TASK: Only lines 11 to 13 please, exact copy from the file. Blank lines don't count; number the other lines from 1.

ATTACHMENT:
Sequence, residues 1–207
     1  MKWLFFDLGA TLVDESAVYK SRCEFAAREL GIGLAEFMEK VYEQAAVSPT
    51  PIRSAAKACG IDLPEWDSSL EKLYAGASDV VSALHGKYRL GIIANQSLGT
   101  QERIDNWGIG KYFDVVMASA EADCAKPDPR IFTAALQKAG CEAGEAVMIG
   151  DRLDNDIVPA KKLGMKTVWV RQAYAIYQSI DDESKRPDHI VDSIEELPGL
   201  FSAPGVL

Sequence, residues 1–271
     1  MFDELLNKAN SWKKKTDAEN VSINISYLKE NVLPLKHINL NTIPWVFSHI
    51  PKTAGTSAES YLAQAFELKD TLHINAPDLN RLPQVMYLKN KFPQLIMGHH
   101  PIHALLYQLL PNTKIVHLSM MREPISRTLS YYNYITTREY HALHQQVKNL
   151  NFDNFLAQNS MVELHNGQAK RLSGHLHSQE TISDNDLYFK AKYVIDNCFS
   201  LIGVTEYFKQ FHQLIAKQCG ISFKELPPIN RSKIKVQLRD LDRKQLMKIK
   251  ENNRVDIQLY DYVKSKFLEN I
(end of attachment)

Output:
   151  NFDNFLAQNS MVELHNGQAK RLSGHLHSQE TISDNDLYFK AKYVIDNCFS
   201  LIGVTEYFKQ FHQLIAKQCG ISFKELPPIN RSKIKVQLRD LDRKQLMKIK
   251  ENNRVDIQLY DYVKSKFLEN I